CIF 3

Debugging SVG visualizations

If an SVG visualization does not behave as you would expect it to behave, there are several ways to debug such problems. The following approaches are available:

Console debugging

Console debugging for CIF/SVG declarations can be enabled or disabled by using the Debug output option (Output category). It is disabled by default. If enabled, it produces debug output to the console, whenever CIF/SVG declarations are applied. Here is an example of what such output looks like:

SVG output ("some_file.svg") id "a" text: "10.00"
SVG output ("some_file.svg") id "b" text: "0.0"
SVG output ("some_file.svg") id "c" text: "3.16"
SVG output ("some_file.svg") id "n" attr "fill" (CSS attr): "#ff0000"
SVG output ("some_file.svg") id "water" attr "height" (SVG attr): "75.0"
SVG output ("some_file.svg") id "water" attr "y" (SVG attr): "104.5"

Each of the output mappings that is applied, results in a line of debugging output. For output mappings that update the value of an attribute, the output indicates whether the attribute is handled as an SVG presentation attribute or as a CSS style attribute.

The textual representations of the values that are set, are put between double quotes, and their content is not escaped in any way.

Due to the asynchronous nature of the SVG visualizer, the simulator will continue to calculate the next states that are to become a frame, while the SVG visualizer is still applying mappings for previous frames. As such, the debug output and other simulation output are likely to be out of sync and interleaved. To ease debugging, you can enable the test mode option, which ensures synchronous execution, and thus synchronous output.

For the input mappings, whenever an interactive SVG element is clicked, and the corresponding mapping is used to determine the event to take, a line of debug output is produced. Here is an example of what such output looks like:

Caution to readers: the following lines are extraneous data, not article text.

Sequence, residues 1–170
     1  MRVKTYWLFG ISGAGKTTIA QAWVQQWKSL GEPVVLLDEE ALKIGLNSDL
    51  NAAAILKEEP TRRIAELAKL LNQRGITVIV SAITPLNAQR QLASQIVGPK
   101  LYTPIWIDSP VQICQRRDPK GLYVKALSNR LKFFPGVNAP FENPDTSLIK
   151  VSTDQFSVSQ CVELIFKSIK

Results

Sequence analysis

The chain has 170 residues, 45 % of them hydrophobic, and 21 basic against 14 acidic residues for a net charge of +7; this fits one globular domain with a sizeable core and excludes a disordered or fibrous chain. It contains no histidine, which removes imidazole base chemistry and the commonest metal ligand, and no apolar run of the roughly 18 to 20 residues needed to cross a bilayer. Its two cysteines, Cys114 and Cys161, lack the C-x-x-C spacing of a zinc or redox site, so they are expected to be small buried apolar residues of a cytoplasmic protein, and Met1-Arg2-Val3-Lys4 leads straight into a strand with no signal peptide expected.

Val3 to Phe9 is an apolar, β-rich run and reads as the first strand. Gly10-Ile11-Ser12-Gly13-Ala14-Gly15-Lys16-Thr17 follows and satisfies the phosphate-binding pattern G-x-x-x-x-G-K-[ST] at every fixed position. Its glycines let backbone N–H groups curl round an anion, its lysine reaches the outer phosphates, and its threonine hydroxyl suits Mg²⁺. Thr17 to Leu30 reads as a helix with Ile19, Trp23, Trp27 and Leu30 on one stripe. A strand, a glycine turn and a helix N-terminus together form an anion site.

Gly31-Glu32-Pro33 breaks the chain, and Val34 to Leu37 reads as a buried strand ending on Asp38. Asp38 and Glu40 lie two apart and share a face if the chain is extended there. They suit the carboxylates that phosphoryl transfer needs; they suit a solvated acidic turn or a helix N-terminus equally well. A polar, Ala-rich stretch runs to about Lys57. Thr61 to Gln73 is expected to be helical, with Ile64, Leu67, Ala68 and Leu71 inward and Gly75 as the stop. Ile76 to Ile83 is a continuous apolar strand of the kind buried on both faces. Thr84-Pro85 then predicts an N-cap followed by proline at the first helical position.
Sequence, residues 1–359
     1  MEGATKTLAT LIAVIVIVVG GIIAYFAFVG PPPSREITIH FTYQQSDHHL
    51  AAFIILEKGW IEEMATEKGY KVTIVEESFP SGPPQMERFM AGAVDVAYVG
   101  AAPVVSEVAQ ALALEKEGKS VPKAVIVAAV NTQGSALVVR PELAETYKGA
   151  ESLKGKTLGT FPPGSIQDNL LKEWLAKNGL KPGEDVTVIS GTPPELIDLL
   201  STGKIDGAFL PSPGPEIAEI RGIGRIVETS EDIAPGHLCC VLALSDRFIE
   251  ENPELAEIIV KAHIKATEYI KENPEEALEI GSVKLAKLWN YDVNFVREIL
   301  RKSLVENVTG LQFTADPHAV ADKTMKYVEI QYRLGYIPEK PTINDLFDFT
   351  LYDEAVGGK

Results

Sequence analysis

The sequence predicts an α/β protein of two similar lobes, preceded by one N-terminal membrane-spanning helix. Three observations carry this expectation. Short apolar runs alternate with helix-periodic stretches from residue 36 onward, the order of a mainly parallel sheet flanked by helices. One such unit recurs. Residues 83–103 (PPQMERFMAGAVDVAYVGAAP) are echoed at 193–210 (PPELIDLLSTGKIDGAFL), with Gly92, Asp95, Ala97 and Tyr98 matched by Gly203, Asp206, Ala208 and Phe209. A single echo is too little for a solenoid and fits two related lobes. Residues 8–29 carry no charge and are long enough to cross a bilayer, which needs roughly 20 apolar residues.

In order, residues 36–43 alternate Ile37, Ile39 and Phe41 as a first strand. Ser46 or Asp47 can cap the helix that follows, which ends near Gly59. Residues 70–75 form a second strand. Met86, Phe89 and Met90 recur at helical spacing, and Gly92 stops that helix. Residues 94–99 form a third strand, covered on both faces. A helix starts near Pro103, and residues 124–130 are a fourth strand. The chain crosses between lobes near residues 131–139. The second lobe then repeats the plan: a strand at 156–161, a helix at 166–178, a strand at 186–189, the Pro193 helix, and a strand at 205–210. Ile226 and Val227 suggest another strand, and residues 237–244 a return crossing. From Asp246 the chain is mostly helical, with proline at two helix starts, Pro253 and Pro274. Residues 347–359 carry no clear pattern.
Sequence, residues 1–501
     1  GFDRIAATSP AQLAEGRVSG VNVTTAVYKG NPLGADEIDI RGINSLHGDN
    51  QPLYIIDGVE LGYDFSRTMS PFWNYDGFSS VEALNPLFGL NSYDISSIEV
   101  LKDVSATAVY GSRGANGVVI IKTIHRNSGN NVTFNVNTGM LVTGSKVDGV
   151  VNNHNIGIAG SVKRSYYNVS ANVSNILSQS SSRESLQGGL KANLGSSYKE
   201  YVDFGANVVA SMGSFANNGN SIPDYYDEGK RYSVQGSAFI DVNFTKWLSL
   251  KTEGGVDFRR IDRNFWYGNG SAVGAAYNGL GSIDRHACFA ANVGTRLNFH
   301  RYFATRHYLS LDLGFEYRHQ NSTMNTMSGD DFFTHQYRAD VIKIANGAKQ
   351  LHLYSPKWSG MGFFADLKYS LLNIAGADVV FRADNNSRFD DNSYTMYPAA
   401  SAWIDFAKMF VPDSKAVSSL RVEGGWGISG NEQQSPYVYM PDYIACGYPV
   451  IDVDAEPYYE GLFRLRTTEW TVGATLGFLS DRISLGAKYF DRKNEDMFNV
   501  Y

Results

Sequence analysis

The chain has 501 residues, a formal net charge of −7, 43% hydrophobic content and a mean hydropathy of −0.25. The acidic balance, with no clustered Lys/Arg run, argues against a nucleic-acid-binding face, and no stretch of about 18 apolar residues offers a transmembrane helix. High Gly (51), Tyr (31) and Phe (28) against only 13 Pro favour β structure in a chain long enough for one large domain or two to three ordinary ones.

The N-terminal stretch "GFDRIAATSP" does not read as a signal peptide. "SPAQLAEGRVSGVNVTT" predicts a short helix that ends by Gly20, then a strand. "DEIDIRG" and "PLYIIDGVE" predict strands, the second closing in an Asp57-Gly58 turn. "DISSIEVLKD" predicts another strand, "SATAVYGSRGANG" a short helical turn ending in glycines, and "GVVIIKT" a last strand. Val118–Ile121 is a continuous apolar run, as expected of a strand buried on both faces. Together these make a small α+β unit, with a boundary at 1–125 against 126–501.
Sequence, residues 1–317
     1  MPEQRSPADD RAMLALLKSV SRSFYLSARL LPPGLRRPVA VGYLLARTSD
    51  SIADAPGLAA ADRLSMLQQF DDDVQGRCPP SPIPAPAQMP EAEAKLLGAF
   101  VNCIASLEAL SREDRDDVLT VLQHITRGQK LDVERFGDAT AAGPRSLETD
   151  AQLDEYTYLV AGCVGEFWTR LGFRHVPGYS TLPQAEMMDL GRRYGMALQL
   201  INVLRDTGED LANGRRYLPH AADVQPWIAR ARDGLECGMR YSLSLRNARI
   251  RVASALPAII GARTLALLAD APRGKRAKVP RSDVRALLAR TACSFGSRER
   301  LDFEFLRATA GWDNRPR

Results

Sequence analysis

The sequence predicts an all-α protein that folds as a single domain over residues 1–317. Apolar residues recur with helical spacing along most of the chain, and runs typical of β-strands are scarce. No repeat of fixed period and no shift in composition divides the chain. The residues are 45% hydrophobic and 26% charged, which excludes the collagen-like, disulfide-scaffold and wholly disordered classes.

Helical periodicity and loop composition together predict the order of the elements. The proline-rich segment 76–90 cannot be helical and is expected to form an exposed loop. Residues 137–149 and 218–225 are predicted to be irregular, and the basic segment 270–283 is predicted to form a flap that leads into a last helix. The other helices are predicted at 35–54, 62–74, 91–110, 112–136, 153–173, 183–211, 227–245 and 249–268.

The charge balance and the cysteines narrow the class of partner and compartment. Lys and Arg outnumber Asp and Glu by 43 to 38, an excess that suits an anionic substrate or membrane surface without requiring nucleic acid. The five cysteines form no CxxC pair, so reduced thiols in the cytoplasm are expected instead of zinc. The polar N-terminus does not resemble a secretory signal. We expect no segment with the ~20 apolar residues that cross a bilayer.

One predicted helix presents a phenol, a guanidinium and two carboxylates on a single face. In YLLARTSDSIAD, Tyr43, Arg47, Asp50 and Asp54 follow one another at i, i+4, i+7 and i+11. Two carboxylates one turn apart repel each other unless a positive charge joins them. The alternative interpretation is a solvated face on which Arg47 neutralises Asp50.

SVG input ("some_file.svg") id "button": event "button.u_pushed"
Transition: event button.u_pushed

From the line of debugging output, it can be seen that the SVG element with id button was clicked, and this resulted in the execution of event button.u_pushed.

Similar debug output is available for the other CIF/SVG declarations:

SVG copy ("some_file.svg") id "button" post "1".
SVG copy ("some_file.svg") id "button" post "2".

SVG move ("some_file.svg") id "button1" to 10.0, 10.0.
SVG move ("some_file.svg") id "button2" to 30.0, 10.0.

Save as SVG

During simulation, the SVG visualizer can be used to save the currently visible image as an SVG image file. This way, the actual XML representation of the SVG image as it is displayed at that time, can be inspected in an XML editor or text editor. This may give insight in the actual effect of the CIF/SVG declarations applied until that moment.

Stack traces

If the application of a CIF/SVG declaration results in a runtime error, a stack trace is printed to the console. This stack trace makes it possible to track the exact origin of the error. Here is an example of such a stack trace for an output mapping:

ERROR: Simulation resulted in a runtime error.
CAUSE: Evaluation of the SVG output mapping ("some_file.svg") for the text of the SVG element with id "txt1" failed for state: time=0.0, x=-1.5265566588595902e-16.
CAUSE: Evaluation of SVG output mapping value "sqrt(x)" failed.
CAUSE: Invalid operation: sqrt(-1.5265566588595902e-16).

Here, we see that simulation resulted in a runtime error. The cause is that the SVG output mapping for the text of the SVG element with id txt1 failed. This points to the exact CIF/SVG mapping that failed, and includes the file name of the SVG image file, as the same id may exist in multiple images. It also includes the state at which the error occurred. The stack trace further indicates that evaluation of the value expression failed, and the actual failure was the evaluation of the sqrt standard library function, with a negative argument.